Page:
[Oberon] Oberon compiler futures

Mike McGaw mike at mcgawtech.com
Sat Dec 22 18:35:09 CET 2012

Regarding the suggestions to create an Oberon compiler that somehow connects to GCC, but at one of the intermediate code levels:  I would argue that we should be careful of such an exercise for many reasons, not the least of which is the fact that GCC and the underlying structures are huge and as others have pointed out, are a moving target.
We have already options for Oberon compilers that generate C.  I have never liked that approach; it is rather like taking a bath with your socks on.  But, it can (and has already) been done.
I would argue that we should instead concentrate on a very clean, very straight forward VM, and then write a back end accordingly.  I am not in favor of the Java VM, or other such VMs- they are too big, too complex and too much of a moving target.  Rather, I think a clear, concise, clean design is needed here.  If the VM is well conceived, we should be able to 'kill all the birds (with one stone)' that have been discussed, whether your need is embedded, to be able to run Oberon TUI, etc., etc.  If the VM is well conceived, for example, written in a subset of Oberon that could be compiled also, let us say, by M2, then, this VM source can be easily machine translated to the language of your choice (including C).  But here, because (if the VM is cleanly conceived) the source Oberon/M2 implementation is elemental, the resulting target language translation should be readily digestible not only to the reader of the translated source, but this should also be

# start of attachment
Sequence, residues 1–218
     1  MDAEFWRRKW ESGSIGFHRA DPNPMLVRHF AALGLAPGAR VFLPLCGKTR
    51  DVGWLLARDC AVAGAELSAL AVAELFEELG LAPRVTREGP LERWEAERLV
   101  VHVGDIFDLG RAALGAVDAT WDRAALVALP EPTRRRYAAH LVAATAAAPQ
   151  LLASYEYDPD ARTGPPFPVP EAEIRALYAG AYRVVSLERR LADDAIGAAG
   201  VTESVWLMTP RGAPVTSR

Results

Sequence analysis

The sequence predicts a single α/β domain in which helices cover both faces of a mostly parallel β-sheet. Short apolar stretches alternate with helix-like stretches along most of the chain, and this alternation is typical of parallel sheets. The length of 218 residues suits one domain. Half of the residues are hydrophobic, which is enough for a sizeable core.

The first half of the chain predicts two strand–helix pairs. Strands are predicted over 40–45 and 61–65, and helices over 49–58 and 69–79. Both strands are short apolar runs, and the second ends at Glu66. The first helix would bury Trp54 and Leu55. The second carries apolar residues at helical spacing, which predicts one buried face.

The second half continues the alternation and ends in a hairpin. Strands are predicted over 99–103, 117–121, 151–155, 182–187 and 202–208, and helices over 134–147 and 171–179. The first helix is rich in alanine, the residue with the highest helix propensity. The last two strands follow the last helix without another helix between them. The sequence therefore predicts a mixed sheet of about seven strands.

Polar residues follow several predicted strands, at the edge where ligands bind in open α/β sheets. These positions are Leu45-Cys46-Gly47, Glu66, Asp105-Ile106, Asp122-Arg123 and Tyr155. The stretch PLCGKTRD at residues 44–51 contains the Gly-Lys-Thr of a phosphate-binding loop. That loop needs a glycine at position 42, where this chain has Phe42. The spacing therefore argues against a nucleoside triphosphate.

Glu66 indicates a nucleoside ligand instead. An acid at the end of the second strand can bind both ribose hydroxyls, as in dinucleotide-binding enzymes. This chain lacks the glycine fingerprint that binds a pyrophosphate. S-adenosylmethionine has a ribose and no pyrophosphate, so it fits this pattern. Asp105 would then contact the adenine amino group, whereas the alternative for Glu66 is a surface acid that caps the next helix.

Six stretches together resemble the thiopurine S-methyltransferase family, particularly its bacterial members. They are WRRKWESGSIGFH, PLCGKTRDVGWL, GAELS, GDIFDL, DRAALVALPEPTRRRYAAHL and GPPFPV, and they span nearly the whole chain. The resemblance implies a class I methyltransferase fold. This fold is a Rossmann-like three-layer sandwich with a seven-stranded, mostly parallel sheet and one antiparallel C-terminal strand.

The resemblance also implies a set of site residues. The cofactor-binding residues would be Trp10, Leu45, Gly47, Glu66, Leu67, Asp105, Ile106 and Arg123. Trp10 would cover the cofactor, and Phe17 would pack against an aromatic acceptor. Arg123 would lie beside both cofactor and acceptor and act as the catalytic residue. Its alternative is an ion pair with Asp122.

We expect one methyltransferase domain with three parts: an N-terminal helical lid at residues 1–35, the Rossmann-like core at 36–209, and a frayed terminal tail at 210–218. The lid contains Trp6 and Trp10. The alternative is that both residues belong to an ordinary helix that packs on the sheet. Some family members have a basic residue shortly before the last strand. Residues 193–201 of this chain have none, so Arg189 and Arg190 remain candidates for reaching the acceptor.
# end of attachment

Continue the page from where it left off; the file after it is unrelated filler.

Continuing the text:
reliably compiled by almost any (C) compiler you wish to use.  A major plus is that the plethora of (C-based, or at least C-callable) device drivers become available in a direct way to this (translated-to-C) VM.  And we could finally, once and for all, lock in on a target backend architecture, which would also, once and for all, fix the object format so that the module loader, once and for all, could be fixed.  THAT would make the system portable, and provide a future lifetime comparable to the venerable P-system based Pascal, and far more useful.
If you really, really, really had to have native code, then, it would be a much simpler exercise to design translators that map the VM op codes and so on to the new target native op codes and so on.  How easy this is to do will depend alot on the VM design, and the target native architecture of course, but, the RISC VM and compiler that Wirth is working on should enable a reasonably straight-forward means of doing such a translation to another RISC target (since most of what we are seeing today are RISC machines of one sort or another).

The benefits of this are immediately recognizable.  Getting an Oberon system up on the Raspberry Pi would be a walk in the park, if we had such a compiler and associated VM. 
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